L. Busacca/WireImage for Songwriter’s Hall of FameSylvia Moy, a member of Motown Records’ stable of songwriters during the 1960s and co-writer of several classic Stevie Wonder hits, died Saturday, April 15, at the age of 78, the Detroit Free Press reports.
Moy’s sister Anita tells the newspaper that Sylvia apparently died of complications from pneumonia at a hospital in Dearborn, Michigan.
The first hit Moy helped write with — and for — Wonder was 1965’s “Uptight (Everything’s Alright),” which peaked at #3 on the Billboard Hot 100 and was his second top 5 hit ever. The tune was also co-written by Henry Crosby, who frequently collaborated with Moy and Wonder.
Other Wonder hits co-penned by Sylvia, Henry and Stevie included “I Was Made to Love Her,” “My Cherie Amour” and “Shoo-Be-Doo-Be-Doo-Da-Day,” all of which reached the top 10 of the Hot 100.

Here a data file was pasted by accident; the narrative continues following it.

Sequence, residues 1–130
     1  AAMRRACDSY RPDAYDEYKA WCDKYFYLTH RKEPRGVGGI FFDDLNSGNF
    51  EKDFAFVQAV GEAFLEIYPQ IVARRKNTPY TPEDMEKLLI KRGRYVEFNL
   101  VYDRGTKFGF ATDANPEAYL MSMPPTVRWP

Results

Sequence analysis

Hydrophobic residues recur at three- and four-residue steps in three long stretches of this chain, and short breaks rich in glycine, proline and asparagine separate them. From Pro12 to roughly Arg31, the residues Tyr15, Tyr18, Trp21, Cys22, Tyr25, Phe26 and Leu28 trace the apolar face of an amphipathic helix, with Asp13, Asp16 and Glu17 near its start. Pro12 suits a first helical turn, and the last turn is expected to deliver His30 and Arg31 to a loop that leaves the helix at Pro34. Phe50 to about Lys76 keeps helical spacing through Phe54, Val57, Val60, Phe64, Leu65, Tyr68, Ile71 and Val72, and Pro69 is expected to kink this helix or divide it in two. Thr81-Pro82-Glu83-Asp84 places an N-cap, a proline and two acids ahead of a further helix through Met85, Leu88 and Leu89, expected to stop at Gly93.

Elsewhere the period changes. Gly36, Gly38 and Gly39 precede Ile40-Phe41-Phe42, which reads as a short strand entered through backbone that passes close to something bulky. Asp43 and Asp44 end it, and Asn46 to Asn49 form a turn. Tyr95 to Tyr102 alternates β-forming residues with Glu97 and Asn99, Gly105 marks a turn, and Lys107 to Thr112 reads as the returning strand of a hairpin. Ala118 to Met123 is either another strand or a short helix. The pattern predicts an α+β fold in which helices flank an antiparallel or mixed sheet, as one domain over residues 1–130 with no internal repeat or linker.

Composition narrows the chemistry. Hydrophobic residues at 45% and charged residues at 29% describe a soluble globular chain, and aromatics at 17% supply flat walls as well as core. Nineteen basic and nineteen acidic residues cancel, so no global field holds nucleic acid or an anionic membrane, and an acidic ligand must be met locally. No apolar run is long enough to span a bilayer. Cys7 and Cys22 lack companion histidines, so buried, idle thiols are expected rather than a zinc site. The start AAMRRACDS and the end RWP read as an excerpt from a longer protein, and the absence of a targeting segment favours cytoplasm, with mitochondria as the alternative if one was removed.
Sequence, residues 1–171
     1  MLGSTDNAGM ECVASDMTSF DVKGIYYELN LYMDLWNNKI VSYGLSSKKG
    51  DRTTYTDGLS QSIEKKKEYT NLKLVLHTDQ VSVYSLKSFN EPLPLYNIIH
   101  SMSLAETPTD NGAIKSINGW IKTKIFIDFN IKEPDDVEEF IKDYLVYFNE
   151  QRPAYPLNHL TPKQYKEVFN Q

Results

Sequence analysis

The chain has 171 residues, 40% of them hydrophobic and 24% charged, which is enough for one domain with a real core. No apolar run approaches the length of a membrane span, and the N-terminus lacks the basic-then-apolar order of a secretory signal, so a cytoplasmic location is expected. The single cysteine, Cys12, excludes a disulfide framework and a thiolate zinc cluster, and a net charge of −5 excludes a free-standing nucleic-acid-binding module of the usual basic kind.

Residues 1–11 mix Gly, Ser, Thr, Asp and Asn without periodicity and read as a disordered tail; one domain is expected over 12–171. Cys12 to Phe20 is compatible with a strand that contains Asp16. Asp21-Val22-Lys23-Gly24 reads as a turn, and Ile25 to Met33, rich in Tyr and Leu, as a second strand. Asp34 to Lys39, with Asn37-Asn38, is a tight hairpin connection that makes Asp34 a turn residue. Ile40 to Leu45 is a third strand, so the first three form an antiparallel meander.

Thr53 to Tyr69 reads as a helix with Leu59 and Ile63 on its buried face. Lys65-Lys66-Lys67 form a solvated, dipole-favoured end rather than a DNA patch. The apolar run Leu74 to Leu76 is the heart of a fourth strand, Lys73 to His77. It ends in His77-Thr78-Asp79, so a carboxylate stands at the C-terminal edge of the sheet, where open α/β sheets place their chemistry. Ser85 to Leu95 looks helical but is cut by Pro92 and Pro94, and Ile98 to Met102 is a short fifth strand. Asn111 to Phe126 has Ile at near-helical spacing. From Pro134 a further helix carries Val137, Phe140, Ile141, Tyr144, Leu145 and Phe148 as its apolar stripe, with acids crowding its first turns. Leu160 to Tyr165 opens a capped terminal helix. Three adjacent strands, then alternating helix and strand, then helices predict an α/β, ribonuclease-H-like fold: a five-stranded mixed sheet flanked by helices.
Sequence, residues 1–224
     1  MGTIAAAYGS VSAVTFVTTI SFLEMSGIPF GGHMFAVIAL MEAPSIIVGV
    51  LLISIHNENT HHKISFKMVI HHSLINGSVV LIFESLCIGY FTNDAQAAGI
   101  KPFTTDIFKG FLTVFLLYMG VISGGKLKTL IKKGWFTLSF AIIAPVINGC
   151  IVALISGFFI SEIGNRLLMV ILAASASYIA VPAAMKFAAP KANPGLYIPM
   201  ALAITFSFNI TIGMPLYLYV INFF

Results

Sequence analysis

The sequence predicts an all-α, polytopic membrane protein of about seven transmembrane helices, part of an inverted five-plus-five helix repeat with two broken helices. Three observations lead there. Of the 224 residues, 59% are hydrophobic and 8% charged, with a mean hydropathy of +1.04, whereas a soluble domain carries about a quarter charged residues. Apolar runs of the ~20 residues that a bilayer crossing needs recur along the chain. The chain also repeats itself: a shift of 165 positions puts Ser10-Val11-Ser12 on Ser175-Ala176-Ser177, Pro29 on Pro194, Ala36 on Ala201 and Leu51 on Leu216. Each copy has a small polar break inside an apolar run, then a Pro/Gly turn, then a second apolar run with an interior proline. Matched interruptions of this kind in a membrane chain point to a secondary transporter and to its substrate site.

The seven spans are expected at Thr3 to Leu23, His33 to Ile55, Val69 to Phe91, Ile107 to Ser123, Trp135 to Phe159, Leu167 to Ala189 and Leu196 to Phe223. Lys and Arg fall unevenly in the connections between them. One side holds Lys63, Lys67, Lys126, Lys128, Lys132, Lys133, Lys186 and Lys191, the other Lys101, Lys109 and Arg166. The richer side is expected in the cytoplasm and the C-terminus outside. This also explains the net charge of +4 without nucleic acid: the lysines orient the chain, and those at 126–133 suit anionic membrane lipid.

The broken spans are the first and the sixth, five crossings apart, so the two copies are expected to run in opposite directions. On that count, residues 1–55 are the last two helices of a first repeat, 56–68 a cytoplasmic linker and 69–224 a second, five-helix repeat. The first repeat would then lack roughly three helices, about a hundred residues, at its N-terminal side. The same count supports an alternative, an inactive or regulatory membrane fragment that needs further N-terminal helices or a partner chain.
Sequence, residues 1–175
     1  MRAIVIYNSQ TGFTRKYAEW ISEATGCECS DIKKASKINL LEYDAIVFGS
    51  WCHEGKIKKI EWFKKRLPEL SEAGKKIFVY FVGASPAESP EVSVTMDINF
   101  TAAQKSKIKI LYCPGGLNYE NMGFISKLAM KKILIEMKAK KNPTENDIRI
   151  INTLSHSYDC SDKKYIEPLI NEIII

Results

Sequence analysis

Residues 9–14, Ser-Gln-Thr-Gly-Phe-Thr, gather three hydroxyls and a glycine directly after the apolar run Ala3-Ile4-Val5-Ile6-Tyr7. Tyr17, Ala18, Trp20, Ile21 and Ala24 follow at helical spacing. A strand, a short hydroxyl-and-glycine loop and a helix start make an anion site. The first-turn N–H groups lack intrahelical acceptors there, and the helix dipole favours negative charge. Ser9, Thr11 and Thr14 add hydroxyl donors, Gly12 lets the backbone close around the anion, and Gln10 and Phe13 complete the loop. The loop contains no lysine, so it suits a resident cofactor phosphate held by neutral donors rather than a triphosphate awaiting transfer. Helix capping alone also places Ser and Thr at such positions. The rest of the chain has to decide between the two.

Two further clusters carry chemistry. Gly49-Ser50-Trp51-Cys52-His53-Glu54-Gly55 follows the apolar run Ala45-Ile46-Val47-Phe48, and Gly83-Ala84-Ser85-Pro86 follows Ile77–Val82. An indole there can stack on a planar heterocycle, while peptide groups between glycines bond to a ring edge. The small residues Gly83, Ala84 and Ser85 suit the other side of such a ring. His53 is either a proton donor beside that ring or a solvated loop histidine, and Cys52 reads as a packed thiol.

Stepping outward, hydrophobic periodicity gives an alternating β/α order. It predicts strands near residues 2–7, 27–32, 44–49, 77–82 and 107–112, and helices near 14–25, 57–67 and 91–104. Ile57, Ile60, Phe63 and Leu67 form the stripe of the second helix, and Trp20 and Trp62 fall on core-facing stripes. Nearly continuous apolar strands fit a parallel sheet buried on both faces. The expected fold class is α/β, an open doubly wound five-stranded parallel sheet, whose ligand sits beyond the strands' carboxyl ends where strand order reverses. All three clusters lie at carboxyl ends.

Initially interested in a recording career herself, Moy was signed by Motown in 1963 to recording contract, a management contract and a songwriter’s contract. But she told the Free Press in 2016 that the label was more interested in her songwriting ability than promoting her as an artist, so she focused on penning tunes. She became one of the few female songwriters embraced by the label’s creative team.
Moy also co-wrote hits for a number of other artists, including The Isley Brothers‘ “This Old Heart of Mine” and Marvin Gaye & Kim Weston‘s “It Takes Two.”
Later in life, Moy founded a Detroit non-profit organization called Center for Creative Communications that provided opportunities for underprivileged students in the fields of media arts and telecommunications.
She was inducted into the Songwriters Hall of Fame alongside Crosby in 2006.
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